Some final advice from Martin. “Always talk to your homeowner about the small steps they can take to keep condensation and bigger issues at bay.” Improving ventilation and reducing the level of humidity in the home will beat condensation, so homeowners should be encouraged to do the following if it’s an issue in their home, and particularly in new builds:  

  • Dry clothes outdoors or use a tumble dryer wherever possible.
  • Open windows in rooms that experience condensation for at least 10 minutes a day.
  •  Use a thermostat to ensure the home and room are at a constant warm temperature.When a room is under-heated, there will be excessive saturation of water vapour as the air can hold less moisture. 
  •  Add a heater under the windowto ensure thewindowpane doesn’t get too cold.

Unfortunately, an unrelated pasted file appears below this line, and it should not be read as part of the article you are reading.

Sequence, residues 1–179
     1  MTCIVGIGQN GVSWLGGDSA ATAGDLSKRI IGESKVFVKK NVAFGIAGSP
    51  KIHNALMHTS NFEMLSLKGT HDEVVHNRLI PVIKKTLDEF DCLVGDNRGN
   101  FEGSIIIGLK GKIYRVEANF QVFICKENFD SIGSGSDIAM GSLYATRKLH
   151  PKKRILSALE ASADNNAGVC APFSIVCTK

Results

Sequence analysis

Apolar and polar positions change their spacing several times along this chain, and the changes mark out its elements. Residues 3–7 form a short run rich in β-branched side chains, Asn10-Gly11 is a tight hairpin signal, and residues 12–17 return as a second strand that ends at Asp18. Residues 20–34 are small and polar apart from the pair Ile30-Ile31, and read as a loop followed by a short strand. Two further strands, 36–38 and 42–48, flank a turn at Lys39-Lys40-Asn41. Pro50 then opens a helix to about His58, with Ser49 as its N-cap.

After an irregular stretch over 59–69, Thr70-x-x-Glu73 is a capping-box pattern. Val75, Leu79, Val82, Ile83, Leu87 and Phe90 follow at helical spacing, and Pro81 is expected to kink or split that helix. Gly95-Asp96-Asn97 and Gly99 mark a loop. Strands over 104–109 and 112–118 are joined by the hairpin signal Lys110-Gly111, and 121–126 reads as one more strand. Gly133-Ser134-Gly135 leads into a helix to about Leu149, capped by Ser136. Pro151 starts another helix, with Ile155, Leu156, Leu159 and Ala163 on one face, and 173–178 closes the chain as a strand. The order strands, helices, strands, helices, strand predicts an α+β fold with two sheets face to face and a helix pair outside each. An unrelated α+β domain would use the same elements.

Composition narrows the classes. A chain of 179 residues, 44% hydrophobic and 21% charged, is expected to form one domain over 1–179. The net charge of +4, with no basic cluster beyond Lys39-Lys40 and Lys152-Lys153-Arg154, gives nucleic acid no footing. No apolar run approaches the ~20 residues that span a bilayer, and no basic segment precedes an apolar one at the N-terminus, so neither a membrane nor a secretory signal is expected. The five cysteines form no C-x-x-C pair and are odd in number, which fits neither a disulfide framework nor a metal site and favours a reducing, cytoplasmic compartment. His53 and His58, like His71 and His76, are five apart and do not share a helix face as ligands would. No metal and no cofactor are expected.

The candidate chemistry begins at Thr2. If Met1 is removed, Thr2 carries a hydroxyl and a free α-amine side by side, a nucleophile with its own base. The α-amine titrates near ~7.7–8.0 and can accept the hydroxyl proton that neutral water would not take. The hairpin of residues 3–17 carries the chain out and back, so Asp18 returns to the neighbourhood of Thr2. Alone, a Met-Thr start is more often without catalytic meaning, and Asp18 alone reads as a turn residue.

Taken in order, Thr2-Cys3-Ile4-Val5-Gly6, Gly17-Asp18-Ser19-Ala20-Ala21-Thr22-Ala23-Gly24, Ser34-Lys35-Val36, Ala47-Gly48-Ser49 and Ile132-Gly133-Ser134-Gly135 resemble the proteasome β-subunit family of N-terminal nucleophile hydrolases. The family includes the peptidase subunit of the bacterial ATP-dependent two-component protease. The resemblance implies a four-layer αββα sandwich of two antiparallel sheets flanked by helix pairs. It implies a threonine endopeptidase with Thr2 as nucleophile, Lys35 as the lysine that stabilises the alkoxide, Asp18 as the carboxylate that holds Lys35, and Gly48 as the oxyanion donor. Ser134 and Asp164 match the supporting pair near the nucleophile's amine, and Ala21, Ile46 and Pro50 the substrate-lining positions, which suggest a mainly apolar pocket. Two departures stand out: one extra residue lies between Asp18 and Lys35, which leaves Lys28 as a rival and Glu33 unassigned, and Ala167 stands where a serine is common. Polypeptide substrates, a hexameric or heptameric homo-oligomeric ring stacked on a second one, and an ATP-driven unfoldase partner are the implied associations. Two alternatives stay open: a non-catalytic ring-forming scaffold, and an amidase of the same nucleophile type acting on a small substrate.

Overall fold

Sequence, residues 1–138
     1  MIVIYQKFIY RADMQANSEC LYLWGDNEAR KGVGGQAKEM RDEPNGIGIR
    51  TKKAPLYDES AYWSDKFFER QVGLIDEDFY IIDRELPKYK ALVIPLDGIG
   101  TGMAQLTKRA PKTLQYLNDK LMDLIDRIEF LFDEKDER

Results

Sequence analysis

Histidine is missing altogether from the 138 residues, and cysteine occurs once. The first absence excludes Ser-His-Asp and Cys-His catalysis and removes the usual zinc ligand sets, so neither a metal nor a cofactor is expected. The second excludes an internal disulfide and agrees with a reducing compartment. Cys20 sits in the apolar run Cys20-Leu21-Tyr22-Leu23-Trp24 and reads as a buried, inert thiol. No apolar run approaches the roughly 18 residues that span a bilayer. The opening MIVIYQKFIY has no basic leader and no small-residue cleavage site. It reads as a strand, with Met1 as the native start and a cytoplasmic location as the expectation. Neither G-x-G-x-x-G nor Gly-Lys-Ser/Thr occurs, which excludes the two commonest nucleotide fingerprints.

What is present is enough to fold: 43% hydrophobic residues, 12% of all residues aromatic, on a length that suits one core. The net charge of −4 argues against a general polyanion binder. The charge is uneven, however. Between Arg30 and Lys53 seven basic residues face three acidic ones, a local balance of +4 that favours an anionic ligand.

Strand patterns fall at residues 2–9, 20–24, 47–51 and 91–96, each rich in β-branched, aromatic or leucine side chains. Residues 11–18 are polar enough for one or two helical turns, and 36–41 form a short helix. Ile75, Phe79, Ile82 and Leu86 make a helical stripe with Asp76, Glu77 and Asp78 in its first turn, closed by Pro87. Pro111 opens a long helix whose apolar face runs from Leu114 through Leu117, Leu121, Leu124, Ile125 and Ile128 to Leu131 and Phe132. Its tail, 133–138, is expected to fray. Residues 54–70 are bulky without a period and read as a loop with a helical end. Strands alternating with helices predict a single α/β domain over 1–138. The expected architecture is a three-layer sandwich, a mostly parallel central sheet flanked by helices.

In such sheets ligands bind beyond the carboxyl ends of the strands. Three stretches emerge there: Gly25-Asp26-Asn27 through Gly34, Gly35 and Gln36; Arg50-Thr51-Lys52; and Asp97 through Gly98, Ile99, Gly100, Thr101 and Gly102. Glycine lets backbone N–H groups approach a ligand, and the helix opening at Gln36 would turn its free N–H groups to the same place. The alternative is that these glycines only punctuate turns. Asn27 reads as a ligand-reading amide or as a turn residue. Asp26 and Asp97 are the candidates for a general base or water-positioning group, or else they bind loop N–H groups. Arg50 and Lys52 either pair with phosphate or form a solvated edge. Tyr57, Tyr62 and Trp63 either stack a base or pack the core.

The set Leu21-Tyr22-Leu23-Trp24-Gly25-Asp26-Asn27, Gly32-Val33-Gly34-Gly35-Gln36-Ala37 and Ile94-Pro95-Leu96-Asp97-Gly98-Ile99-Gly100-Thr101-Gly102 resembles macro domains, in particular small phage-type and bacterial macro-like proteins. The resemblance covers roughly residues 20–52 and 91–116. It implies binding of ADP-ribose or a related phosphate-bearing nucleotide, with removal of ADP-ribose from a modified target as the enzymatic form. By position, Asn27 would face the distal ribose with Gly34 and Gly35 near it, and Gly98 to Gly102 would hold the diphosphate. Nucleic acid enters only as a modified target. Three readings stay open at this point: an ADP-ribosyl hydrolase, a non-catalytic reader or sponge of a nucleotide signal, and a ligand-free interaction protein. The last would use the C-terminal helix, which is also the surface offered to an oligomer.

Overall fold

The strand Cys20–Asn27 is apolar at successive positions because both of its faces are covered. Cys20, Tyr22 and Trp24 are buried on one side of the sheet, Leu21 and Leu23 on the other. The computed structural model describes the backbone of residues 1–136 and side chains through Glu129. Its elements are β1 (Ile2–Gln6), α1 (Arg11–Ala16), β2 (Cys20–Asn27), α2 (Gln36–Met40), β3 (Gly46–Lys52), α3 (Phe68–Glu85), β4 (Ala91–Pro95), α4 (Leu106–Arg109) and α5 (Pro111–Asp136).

For more advice about tackling condensation and Dakea’s range of roof windows call Dakea on 020 3970 5080 

For more great advice, sign up for Dakea’s monthly Dakletter to help you grow your business with subjects such as learning new skills online and generating new business. Dakea have also got a range of videos to help you with installation on their website and YouTube.  

 

To stay up to date on the latest, trends, innovations, people news and company updates within the UK property and housebuilding market please register to receive our newsletter here.

Media contact

Rebecca Morpeth Spayne,
Editor, Showhome Magazine

Tel: +44 (0) 1622 823 922
Email: editor@yourshow-home.com